Every Tuesday morning, the twelve girls and I meet for two hours in the panaderia (bakery), a little room at the top of the outdoor stairs above the kitchen.
The main idea is this: I teach them a recipe and then they sell the product to the other students and teachers. With the money that we earn, we buy the next week’s ingredients. This isn’t how it goes exactly—sometimes the cakes burn or come out undercooked—but so far we’ve managed to cover the ingredient costs. With a bit of practice, there is the potential for some substantial, or at least satisfactory, earnings.
Last week I taught them how to make banana cake. This week, it was nutmeg coffee cake. My husband came along and played the role of paparazzi. (He teaches carpentry to the 10th grade boys on Wednesdays—this way he’s freed up on Tuesdays to be my number one assistant.)
the metal pans: handmade by my husband's carpentry students
The morning proceeds like so:
1. We arrive early to open up the panaderia. We scrub the tables—the room is infested with mice and flies, so we disinfect everything at the last minute, work quickly, and then clean up ASAP. (Starting next week, I’ve asked the girls to come at 7:30 so they can do the prep work and we can get started sooner.)
that's the oven over yonder
2. We hunt down the ingredients. This can get sort of tricky because even though I submit my ingredient list ahead of time, I never know if I’ll get exactly what I asked for. There is always a moment of panic when I first arrive and no one seems to have any clue where the ingredients are stored and whether or not anyone actually purchased them. But then, somehow, miraculously, everything comes together.
3. I start the class by briefly explaining the recipe and then we jump right in. Once the cakes are in the oven, we clean up and then gather around the tables to talk. The girls copy down the recipe in their notebooks, we calculate the costs and how much we need to sell the cake for in order to make a small profit, and I drill them on measurements and fractions (something they are deplorably weak in. If anyone has links to some good fractiony worksheety websites—basic addition, multiplication, division, etc—I’m all ears).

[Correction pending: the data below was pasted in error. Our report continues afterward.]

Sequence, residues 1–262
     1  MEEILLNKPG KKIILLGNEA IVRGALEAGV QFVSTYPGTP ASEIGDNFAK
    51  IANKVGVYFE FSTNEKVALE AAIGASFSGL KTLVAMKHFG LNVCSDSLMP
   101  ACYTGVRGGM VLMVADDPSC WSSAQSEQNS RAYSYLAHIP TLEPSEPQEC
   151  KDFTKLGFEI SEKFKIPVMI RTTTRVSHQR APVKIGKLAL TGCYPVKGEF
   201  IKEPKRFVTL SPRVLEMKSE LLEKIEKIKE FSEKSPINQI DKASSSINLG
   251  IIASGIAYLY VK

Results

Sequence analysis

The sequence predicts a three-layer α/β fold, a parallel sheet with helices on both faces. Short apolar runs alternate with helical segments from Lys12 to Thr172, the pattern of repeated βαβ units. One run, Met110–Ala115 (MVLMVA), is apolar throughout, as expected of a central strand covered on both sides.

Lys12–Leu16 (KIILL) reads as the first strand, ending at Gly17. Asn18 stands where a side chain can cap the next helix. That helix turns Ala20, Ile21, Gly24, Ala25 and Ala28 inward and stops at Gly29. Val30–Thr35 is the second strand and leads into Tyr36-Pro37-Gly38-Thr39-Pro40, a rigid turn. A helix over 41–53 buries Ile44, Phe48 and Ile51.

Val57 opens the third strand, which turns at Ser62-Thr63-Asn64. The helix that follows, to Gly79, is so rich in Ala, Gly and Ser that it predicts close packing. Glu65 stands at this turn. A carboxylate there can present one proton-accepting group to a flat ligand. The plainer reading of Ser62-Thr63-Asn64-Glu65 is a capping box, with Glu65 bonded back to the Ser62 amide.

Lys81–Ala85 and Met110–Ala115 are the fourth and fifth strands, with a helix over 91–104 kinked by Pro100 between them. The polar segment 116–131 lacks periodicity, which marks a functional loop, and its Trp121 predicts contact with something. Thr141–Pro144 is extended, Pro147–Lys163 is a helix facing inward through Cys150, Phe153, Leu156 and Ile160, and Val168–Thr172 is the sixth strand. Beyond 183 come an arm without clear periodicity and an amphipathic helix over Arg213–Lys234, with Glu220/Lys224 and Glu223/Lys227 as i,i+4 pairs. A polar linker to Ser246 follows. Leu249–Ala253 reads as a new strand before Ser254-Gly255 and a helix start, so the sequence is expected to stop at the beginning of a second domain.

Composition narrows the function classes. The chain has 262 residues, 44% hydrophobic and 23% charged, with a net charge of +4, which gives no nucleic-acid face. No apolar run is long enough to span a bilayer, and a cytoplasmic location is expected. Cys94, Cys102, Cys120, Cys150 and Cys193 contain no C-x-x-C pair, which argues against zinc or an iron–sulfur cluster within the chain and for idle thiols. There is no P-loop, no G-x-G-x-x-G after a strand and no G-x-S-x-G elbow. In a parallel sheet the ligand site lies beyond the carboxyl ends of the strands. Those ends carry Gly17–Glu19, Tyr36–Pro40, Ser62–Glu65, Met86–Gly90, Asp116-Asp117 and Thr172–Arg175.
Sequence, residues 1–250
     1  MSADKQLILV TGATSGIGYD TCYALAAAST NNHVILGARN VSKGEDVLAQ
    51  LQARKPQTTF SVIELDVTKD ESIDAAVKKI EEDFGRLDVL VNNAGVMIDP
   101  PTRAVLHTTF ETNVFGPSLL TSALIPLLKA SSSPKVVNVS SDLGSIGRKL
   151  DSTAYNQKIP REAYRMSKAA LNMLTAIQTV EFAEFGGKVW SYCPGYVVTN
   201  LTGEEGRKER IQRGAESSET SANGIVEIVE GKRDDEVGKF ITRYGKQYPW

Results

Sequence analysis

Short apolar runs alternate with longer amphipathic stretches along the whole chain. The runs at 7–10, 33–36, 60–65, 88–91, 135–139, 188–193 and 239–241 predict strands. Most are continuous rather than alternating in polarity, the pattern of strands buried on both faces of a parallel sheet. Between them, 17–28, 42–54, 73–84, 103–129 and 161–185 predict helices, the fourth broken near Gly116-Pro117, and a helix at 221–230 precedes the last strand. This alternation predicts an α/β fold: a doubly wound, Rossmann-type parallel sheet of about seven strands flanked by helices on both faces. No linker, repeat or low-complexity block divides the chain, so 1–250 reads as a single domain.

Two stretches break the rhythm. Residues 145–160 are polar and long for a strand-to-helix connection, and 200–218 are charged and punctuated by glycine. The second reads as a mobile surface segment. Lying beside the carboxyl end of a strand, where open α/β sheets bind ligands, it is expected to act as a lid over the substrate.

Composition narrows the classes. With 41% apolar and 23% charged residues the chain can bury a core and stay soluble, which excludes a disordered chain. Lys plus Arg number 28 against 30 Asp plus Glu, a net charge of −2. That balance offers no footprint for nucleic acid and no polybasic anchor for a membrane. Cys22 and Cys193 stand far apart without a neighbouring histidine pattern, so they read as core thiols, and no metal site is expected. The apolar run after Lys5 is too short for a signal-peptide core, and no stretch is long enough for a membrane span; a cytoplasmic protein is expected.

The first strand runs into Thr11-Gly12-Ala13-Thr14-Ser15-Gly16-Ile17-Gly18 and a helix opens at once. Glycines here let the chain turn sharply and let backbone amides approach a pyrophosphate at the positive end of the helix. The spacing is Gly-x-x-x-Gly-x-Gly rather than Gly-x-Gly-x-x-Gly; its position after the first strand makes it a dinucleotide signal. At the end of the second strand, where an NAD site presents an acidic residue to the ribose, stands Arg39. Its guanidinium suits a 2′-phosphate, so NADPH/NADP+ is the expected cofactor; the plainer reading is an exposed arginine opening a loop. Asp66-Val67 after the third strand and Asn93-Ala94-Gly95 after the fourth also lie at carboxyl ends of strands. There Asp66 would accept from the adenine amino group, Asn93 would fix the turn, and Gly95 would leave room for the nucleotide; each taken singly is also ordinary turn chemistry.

4. When the cake comes out of the oven, we cut them up and the girls take trays downstairs where they promptly get mobbed by all the students having their mid-morning break and looking for something to eat along with their corn drink (or whatever beverage the kitchen is serving that day).
Except this week, the girls never even made it downstairs to sell. As we were pulling the cakes out of the oven, the teachers flooded the room. They bought entire pans. Within minutes, all the cake was sold. My husband didn’t even get a taste.
I’m a little surprised by all the cake-loving enthusiasm. I figured people would be happy about it, but to snap it right up? That I did not expect.
This eagerness is good, wonderful even, but I have to figure out how to handle it.
*Maybe we should raise the price? (But I don’t want to exclude the poorer students...)
*Make more cake and make it more often? (I’d love to have another class with a different group of students, but that all depends on the director...)
*Limit purchasing power? (But I hate withholding cake from anyone!) (I think one student bought an entire pan with the intention of selling it at an increased rate to make a profit. That, while admirably entrepreneurial, will not be happening again.)
And now, for all you bakers, a request. I’m looking for simple recipes with the following limitations:
*Must not call for butter. Or if it does, it must taste good with a margarine, vegetable shortening, oil, or lard substitute.
*Does not call for cream or any fancy ingredients such as chocolate, cheese, or nuts.
*From start to finish, the recipe must take no more than two hours.
*The finished product must be easy to divide up and eat out of hand.
cleaning up at the outdoor pila
The ingredients that are abundant and which I’d like to incorporate include: cardamom, cinnamon, limes, mangoes, pineapple, bananas, corn, mayonnaise, powdered milk, etc.
Some ideas that I’m already mulling over:
*mango-cardamom coffee cake
*cardamom-lime scones (I’m a little nervous about working with cardamom as I’ve heard that no one likes it or eats it, despite the fact that it is everywhere here, raised for export)
*cornbread made with maseca flour (or better yet, their homemade corn masa)
*a cake made with mayonnaise in place of some of the shortening (because it worked so well with this recipe)
*cinnamon cookies (made these tonight with margarine instead of butter; they were a hit)
*a good icing using shortening and a somewhat grainy confectioner’s sugar
Nutmeg Coffee Cake
Adapted from the More-With-Less Cookbook (I think).
This nutmeg coffee cake (torta de nuez moscada) is something I taught to the Nicaraguan women that I worked with many years back. It’s super simple to make and pairs very well with a cup of coffee. To fancy it up, serve it with sweetened fresh fruit and a bit of whipped cream. (Here, we make it with vegetable shortening, not butter, sob.)
4 cups four
½ teaspoon salt
2 cups sugar
1 cup butter
1 teaspoon baking soda
1 cup sour milk
2 eggs, beaten
nutmeg, freshly grated, if possible
In a large bowl, mix together the flour, salt, sugar, and butter until the mixture resembles pebbly sand. (I use my fingers, but you could use a food processor.) Remove 2/3 cup of the mixture and set aside.
Add the baking soda, milk, and eggs. Mix lightly to combine.
Pour the batter into a greased 9x12-inch pan. Sprinkle the reserved crumbs over the batter. Sprinkle the whole thing with lots of freshly ground nutmeg.
Bake the cake in a 350 degree oven for about 30 minutes, or until golden brown and puffy.